Supplying the energy needed to support the growing prosperity of the global population yet reducing emissions enough to meet the Paris reduction goals is a major challenge, BP Chief Executive Bob Dudley said.
It is, Dudley said, “a vast and complex problem, probably the defining one of our time.”
BP’s 2019 Energy Outlook, released Thursday, considered scenarios in which world GDP grows by a third to more than doubling by 2040, driven by increasing prosperity in fast-growing developing economies. Demand for oil grows in the first half of the outlook period before gradually plateauing, while global coal consumption remains broadly flat. Natural gas grows robustly, supported by broad-based demand and the increasing availability of gas, aided by the continuing expansion of liquefied natural gas. The world continues to electrify, with around three-quarters of the increase in primary energy absorbed by the power sector.
The report explores the possible implications of uncertainties around how much more energy the world needs, changing demand for plastics affecting demand for oil, trade disputes, renewables growth and what needs to be done to reach a low-carbon energy system.
“Predicting how this energy transition will evolve is a vast, complex challenge. In BP, we know the outcome that’s needed, but we don’t know the exact path the transition will take. Our strategy offers us the flexibility and agility we need to meet this uncertainty head on,” Dudley said.
An evolving transition scenario assumes government policies, technologies and societal preferences evolve in a manner and speed similar to the recent past, while a rapid transition scenario factors in government policies that drive the reduction of carbon emissions to meet Paris goals.
“The world of energy is changing,” Spencer Dale, group chief economist, said.
While about two-thirds of the plastics are durable goods like chairs, the rest are single use and currently account for about 3.5 million b/d of demand. That number could grow to 6 million b/d in an evolving transition scenario, but if a worldwide ban on plastic packaging comes into play, demand will grow, but less so, Dale said.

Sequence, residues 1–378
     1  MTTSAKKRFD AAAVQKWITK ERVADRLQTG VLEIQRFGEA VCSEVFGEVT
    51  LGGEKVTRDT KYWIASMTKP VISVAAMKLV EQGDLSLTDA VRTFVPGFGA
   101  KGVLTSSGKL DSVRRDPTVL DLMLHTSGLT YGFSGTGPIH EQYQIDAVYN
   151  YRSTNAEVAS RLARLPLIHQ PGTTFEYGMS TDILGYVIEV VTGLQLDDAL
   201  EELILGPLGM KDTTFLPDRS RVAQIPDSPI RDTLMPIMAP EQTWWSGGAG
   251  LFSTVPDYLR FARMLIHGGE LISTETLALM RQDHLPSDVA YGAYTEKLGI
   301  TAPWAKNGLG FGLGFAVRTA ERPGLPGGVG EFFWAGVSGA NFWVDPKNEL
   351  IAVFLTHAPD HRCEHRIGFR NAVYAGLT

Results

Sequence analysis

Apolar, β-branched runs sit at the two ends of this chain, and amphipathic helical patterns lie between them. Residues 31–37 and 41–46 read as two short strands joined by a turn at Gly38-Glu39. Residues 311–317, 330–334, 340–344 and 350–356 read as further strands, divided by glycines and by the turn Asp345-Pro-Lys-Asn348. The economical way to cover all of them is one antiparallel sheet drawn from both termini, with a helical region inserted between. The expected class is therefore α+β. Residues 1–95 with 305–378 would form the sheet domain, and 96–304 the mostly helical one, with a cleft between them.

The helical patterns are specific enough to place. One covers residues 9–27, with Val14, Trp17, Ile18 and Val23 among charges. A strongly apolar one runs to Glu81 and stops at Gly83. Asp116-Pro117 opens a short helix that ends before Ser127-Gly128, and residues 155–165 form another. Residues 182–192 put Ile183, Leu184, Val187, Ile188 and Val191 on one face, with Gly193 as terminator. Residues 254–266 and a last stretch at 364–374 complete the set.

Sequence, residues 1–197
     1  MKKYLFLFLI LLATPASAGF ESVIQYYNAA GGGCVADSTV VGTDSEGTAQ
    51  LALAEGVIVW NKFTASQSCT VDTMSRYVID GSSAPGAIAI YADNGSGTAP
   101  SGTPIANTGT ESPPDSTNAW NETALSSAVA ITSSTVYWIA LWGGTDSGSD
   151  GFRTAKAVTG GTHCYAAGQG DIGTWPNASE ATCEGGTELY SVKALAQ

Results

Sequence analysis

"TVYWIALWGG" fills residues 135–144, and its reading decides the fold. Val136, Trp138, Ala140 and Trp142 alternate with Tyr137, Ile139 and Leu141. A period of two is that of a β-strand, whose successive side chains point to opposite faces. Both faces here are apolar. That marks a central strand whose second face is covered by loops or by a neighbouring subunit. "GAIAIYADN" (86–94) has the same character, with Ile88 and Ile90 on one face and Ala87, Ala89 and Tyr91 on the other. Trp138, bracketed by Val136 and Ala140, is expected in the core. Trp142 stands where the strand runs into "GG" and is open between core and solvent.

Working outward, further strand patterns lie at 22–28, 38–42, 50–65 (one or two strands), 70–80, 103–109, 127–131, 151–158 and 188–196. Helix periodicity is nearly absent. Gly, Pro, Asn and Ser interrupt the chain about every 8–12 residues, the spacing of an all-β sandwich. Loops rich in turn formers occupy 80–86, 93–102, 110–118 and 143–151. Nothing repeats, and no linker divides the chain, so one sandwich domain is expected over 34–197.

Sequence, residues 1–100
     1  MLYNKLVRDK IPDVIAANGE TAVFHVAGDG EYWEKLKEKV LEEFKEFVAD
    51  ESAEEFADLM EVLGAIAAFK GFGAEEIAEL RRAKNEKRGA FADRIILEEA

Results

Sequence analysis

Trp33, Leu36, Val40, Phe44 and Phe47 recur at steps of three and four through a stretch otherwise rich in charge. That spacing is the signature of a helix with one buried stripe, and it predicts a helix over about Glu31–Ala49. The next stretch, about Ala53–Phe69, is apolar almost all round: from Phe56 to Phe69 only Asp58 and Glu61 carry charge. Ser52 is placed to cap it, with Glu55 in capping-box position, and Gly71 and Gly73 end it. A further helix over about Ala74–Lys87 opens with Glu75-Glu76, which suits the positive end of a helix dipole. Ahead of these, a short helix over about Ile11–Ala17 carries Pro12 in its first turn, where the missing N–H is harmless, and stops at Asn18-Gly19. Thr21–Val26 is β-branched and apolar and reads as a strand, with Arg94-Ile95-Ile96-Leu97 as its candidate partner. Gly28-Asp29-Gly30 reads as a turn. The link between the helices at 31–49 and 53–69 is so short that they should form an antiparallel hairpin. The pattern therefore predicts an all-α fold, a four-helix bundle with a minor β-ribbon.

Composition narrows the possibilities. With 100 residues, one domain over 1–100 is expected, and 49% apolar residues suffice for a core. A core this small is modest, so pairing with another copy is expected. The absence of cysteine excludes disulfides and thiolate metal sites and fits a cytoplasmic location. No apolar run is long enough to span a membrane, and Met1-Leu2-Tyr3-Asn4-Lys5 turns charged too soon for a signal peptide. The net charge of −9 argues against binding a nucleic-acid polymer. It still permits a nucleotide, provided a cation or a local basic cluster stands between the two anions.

A reduction in openness and trade associated with an escalation in trade disputes could reduce worldwide GDP and energy demand. Increasing concerns about energy security may cause countries to favor domestically-produced energy, even at a 10% premium on cost, leading to a sharp reduction in energy trade, Dale said. The greatest impact would be on net energy exporters.
“The message from history is that concerns about energy security can have persistent, scarring effects,” Dale said, citing the oil embargo of 1973.
It takes years for a new energy source to achieve widespread use. Oil supplied 1% of the world’s energy mix in 1877, and almost 45 years supplied 10%, while gas (1899), hydro (1922), nuclear (1974) and renewables (2006) have yet to achieve 10%.
Dale said renewables are poised to reach 10% share in 25 years, “more quickly than any energy in history,” in the evolving transition scenario. More stringent regulations, aimed at meeting emissions reduction goals, could lower that to 15 years.
“It would require unprecedented change in the global energy system,” Dale said, including a comprehensive set of policy measures aimed at a rapid transition to a lower carbon energy system.
The evolving transition scenario suggests a 7% increase in emissions over the next 20 years, as compared to growth of 45% in CO2 emissions over the past 20 years.
“The world is making some progress, but the bad news is the progress is nowhere near fast enough to meet the Paris goals,” Dale said. “The road to Paris is long and challenging.”
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